As campus crumbles and students flee, Venezuela's main university struggles to survive COVID-19
By Vivian Sequera CARACAS (Reuters) - The corridors are empty and silent at the Central University of Venezuela (UCV), the country's oldest and largest institution of higher education, as the COVID-19 pandemic has forced the evacuation of its 32,000 students. The 298-year-old university is suffering not only the impact of the coronavirus quarantine, but also a six-year economic crisis that has left it struggling with a meager budget and the emigration of 30% of its graduates
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By Vivian Sequera
CARACAS (Reuters) - The corridors are empty and silent at the Central University of Venezuela (UCV), the country's oldest and largest institution of higher education, as the COVID-19 pandemic has forced the evacuation of its 32,000 students.
The 298-year-old university is suffering not only the impact of the coronavirus quarantine, but also a six-year economic crisis that has left it struggling with a meager budget and the emigration of 30% of its graduates.
The deterioration of its infrastructure stood out in June with the partial collapse of the roof of an outdoor walkway that is a part of the iconic architecture of the complex, which has been recognized by UNESCO as a world heritage site.
The institution's troubles signal that Venezuela risks losing a generation of college graduates, potentially leaving it without the human resources to rebuild a nation where most of the professionals are now in the diaspora.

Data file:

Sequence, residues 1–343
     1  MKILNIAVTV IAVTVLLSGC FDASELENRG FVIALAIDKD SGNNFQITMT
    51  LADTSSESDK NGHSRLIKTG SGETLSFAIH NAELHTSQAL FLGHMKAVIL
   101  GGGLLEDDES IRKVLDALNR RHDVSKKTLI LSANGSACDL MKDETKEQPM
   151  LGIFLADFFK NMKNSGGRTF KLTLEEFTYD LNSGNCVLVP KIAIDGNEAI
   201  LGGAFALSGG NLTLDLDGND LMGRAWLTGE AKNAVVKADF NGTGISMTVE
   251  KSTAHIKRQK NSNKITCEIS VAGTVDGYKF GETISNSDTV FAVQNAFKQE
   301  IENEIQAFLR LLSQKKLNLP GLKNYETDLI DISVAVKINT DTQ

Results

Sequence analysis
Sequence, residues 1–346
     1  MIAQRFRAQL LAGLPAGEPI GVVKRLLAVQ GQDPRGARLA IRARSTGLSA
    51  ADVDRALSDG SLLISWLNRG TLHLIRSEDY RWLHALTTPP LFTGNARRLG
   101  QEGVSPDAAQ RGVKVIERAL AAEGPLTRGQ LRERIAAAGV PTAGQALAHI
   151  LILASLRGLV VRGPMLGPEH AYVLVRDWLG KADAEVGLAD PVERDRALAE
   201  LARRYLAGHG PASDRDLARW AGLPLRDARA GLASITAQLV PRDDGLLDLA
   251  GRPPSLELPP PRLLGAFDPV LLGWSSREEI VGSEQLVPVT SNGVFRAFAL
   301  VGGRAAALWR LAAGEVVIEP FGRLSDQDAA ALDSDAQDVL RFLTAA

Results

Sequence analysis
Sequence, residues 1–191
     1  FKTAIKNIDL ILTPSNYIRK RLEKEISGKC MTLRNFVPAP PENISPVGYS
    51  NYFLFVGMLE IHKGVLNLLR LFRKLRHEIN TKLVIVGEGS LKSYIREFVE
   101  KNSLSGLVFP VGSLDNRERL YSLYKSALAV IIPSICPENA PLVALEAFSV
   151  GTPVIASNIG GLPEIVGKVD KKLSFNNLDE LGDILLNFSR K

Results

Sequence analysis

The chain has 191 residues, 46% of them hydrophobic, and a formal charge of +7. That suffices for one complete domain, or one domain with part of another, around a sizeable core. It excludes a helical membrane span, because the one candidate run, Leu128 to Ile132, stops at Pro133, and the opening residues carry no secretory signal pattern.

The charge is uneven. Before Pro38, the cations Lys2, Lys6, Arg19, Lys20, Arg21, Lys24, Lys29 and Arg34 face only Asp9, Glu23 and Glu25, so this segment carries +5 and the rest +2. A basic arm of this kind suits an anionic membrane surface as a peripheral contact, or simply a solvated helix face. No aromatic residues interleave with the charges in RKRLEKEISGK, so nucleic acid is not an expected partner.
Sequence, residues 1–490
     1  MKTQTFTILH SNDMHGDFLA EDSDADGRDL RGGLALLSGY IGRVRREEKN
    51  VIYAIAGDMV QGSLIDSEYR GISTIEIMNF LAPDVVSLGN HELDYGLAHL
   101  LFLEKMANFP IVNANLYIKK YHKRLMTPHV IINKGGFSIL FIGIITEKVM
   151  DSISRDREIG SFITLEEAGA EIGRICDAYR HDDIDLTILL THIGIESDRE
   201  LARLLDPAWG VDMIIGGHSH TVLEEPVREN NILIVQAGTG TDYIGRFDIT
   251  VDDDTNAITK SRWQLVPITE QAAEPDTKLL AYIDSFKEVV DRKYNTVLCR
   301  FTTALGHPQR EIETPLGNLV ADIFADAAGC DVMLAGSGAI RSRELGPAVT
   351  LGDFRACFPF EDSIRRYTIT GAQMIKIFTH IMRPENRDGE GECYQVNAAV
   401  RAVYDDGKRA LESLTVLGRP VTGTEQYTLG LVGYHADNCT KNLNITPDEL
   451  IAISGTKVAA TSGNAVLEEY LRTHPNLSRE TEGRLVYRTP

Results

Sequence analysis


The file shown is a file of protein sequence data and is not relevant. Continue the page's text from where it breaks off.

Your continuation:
Many students simply get their degrees and leave the country, said rector Cecilia Garcia.
"It's bleeding out," she said.
As the number of students declines, some professors make just $1.50 a month, Garcia said.
"The deterioration is general," said David Sosa, president of the UCV student federation, walking through corridors dotted with leaky roofs and broken cobblestones.
"It is disappointing that we have to sit and wait for other countries to develop solutions, vaccines (for coronavirus ), when we in Venezuela have historically had first-class universities," Sosa said.
Venezuelan doctor and scientist Jacinto Convit, who created a vaccine for leprosy, graduated from the UCV, said Victor Marquez, head of the university's association of professors.
"A government that destroys a fundamental element of social development, such as education ... is creating a terrible future for the nation," said Marquez.
Sosa and Marquez said that because the UCV did not support the government, authorities applied financial "asphyxia" by limiting its budget. The government says the school is leading a leftist revolution.
The information ministry did not respond to a request for comment.
The university was founded in 1721 and operated for over a hundred years out of a convent in downtown Caracas.
In the 1940s, the government donated land to build "University City," a 152-hectare (375-acre) compound with 90 hectares of green space, said Aglais Palau, director of the university's Preservation and Development Council.
Gustavo Izaguirre, dean of the School of Architecture, said the university would need about $15 million annually over more than a decade for maintenance such as waterproofing buildings.
The university's 2008 operating budget was about $500 million. "Today the entire budget of the Central University of Venezuela does not reach $2 million," said Izaguirre. "How can we do the maintenance if we don't have the resources?"
He added that more than half of his architecture students "state that upon graduating, what they want is to leave the country. That is sad."
In Venezuela "we need professional manpower" because, for example, "all the buildings in the country are at risk."
(Reporting by Vivian Sequera; Writing by Brian Ellsworth; Editing by Lisa Shumaker)
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